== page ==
Study: Diet drinks don't save calories for kids and teens

WASHINGTON (WPVI) -- A new study suggests that drinking diet beverages doesn't help kids or teens reduce their daily calorie consumption.

In fact, researchers at George Washington University say kids in the study consumed about 200 extra calories a day compared to kids who drink water.

The team used diet logs collected from 7,000 children and teens enrolled in the National Health and Nutrition Examination Survey (NHANES) from 2011 to 2016.

Participants reported what they drank during a 24-hour period.

In the survey, researchers say kids who reported drinking low-calorie sweetened beverages such as diet soda not only ate and drank more calories compared to those who drank water, they also took in more calories from added sugars.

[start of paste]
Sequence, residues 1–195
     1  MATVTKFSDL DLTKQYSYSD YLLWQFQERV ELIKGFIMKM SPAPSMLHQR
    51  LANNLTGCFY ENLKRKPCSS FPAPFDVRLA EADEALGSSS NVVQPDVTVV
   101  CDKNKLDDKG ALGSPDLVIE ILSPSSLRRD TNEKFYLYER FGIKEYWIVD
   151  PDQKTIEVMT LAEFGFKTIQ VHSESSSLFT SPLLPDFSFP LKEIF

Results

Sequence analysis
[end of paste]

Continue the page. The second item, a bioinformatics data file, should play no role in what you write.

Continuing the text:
The Calorie Control Council, which represents the diet soda industry, says the study wasn't a fair representation of kids' eating or drinking patterns.

It noted the study only looked at one day, not longer-term patterns. It also said the study didn't take into account changes in body weight.

The results are important because nearly one in three kids in the United States is now overweight or has obesity, putting them at a higher risk of Type 2 diabetes and other serious health problems.

The American Heart Association has issued a science advisory urging parents against prolonged consumption of low-calorie sweetened beverages by children.
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